So I had a BBQ party that went perfectly, with all my guests raving about my gas grill and the dishes it had created. I was feeling great until the last guest left, and I found myself standing before a house that looked like it’d been caught in a cyclone, and more importantly – facing a grill that was dripping with grease and barbeque sauce, and food leftovers.
This wiped the grin off my face and any hope for rest I had.
Every time I’m faced with the prospect of cleaning my BBQ, I cringe and often wonder how daunting a process it can seem to newbie grillers. While we are quite the culinary wizards while using our grill, we are a lot less enthusiastic when it comes to scrubbing it down. So, I’m putting together some smart tips on how to clean a gas grill that shows you how cleaning needn’t always be a nightmare, and how you can get the best out of your gas grill.
BBQ Grill Cleaning Overview
Why Is It Important?
One of the most important things I consider while picking a Gas Grill is how easy maintenance will be. While gas grills are a lot easier to clean than other types the fact is, it won’t do it by itself. For this tutorial we will be cleaning our Broil King Regal S590 Pro Grill that we love.
Whether it is routine maintenance or an end-of-season scrub down, de-crusting isn’t fun. The carbon deposits on grills are not just downright ugly and tell-tale signs of poor upkeep; they are also grounds for festering bacteria. Carbon accumulation can cause uneven heating, which can ruin that perfectly seared steak. Furthermore, build-up of unsafe grease on your grill can hinder gas flow to your ports and also create flair ups.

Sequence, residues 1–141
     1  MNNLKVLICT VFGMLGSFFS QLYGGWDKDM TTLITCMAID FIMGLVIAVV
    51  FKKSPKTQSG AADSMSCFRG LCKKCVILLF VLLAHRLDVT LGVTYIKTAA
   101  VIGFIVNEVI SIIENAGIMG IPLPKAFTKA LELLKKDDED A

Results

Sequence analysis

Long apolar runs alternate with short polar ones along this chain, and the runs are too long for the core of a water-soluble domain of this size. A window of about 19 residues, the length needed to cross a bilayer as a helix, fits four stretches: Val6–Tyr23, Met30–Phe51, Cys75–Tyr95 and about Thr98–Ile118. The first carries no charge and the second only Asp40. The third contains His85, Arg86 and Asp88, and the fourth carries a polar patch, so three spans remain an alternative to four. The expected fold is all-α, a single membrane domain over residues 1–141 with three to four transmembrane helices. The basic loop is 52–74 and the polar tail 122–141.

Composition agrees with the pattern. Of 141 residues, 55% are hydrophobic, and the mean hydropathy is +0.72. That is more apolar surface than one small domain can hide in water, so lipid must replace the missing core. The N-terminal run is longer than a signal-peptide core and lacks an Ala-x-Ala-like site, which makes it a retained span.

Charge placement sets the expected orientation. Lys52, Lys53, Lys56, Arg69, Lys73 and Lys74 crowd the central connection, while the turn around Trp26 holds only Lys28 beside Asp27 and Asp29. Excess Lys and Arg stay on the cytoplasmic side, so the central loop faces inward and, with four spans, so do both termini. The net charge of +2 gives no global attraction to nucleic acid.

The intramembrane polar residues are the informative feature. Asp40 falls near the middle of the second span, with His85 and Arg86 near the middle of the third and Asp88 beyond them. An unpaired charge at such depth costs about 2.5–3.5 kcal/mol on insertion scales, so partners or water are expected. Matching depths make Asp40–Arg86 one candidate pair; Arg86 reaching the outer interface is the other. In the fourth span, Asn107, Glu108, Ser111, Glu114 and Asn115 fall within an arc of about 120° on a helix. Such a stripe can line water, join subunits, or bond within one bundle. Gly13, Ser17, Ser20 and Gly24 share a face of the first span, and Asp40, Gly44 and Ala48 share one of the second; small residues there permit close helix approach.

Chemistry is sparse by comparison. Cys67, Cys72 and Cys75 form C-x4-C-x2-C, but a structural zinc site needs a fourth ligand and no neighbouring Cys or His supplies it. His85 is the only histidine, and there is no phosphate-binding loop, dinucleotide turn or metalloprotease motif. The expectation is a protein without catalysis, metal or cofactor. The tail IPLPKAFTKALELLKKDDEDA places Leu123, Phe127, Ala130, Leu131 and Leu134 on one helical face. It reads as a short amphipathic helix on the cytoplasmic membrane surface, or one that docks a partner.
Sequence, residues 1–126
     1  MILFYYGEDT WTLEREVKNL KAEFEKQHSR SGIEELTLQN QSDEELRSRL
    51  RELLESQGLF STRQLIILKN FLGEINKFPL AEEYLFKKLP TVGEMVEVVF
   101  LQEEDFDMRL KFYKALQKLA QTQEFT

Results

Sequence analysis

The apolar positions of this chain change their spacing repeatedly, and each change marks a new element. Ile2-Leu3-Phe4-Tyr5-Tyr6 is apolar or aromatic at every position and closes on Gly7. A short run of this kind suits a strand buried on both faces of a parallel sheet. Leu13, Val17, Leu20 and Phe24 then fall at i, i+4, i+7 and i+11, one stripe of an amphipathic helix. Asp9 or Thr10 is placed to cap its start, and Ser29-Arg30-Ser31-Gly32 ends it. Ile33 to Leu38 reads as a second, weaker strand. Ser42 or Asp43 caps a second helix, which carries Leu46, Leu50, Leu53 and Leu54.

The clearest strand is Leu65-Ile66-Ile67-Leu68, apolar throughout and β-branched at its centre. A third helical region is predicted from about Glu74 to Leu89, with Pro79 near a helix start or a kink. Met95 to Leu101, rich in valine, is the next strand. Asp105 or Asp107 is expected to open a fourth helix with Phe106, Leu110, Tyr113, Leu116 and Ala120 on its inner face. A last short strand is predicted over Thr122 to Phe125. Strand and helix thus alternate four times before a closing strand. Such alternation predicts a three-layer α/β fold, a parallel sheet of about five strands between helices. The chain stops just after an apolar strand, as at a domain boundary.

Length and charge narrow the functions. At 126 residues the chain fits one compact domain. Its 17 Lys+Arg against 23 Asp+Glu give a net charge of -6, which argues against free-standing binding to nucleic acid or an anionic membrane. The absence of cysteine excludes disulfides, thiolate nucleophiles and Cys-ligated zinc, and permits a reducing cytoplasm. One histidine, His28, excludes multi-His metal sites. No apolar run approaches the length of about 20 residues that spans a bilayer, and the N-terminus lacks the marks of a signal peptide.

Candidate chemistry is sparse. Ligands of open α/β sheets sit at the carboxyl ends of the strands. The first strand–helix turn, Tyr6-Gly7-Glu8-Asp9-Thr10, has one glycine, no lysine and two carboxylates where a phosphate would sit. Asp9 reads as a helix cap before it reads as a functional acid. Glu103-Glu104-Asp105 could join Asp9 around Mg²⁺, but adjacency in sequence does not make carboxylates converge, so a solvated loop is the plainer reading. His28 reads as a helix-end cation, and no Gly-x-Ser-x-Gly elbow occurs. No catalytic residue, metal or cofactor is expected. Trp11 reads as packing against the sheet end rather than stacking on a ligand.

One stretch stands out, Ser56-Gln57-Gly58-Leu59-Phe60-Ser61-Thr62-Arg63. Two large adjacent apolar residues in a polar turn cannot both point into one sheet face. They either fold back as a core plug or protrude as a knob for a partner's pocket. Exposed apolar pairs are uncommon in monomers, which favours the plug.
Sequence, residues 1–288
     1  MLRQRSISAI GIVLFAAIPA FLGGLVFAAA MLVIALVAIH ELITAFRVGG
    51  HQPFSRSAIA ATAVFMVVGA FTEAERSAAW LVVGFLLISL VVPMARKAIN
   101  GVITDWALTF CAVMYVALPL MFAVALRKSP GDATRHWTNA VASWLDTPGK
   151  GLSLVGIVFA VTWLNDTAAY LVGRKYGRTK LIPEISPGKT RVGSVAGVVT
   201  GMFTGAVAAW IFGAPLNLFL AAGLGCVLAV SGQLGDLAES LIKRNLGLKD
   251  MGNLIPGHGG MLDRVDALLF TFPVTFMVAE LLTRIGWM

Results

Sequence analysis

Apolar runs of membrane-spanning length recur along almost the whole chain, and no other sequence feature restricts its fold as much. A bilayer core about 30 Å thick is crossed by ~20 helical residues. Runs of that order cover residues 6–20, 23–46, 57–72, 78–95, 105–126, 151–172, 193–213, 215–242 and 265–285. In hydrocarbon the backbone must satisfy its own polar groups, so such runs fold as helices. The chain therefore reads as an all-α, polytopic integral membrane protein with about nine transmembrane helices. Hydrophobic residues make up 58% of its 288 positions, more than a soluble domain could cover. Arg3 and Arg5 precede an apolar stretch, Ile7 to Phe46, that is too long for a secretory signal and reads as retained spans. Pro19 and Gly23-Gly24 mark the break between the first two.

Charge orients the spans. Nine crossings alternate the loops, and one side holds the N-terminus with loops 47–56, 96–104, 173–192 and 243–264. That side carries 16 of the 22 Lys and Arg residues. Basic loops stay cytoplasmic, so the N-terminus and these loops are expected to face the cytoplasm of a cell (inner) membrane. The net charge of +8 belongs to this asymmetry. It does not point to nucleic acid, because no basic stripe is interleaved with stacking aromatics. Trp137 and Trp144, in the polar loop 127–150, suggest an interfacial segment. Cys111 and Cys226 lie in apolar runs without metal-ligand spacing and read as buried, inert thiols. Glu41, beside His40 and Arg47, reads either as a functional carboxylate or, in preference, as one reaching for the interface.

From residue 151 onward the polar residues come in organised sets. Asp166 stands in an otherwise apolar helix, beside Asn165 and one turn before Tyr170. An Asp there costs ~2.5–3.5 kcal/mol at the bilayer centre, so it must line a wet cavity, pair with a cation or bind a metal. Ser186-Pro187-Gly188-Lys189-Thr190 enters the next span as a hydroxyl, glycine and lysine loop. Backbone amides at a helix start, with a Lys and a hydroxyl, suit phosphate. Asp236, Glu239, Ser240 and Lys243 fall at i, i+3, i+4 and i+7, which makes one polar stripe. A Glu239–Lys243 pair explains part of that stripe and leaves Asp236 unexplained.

The bottom line is, a clean grill is a well-functioning grill. Cleaning your gas grill regularly helps you use it for the longest possible time, and make the most out of it. With a little effort you can ensure that your grill performs better, and that will reflect in the quality of food you make.
What Tools or Equipment Do I Need?
If you’re looking to clean a gas grill with minimal effort, you’d be surprised at how much easier life can get when you use the right tools. Among various other grill cleaning supplies available in the market, this is what works best for me:
- Grill Brush, or other coarse cleaning brush
- Soft cloth/rags (to wipe) and/or paper towels
- Wire bristle brush
- Soap and water
- Sponge or scouring pad
- Gloves (optional)
- White vinegar or baking soda
- Shop Vac
Some Optional Product that we specifically like to use :
Spray Nine BBQ Grill Cleaner
Grate Chef Non Stick Grill Wipes
Weiman Stainless Steel Cleaner
GrillPro Venturi Cleaning Brush
Grillstone Cleaning Blocks
Review Your Grill Manufacturers Cleaning Suggestions
Always remember that not all grills are the same. With every gas grill – there are hundreds of brands – there are different cooking grates, valves, burners, heating systems etc. With this in mind, the best source of cleaning advice whether it is a quick scrub down after each use, or a deeper cleaning at the beginning of the grilling season, is the user manual that comes with your grill.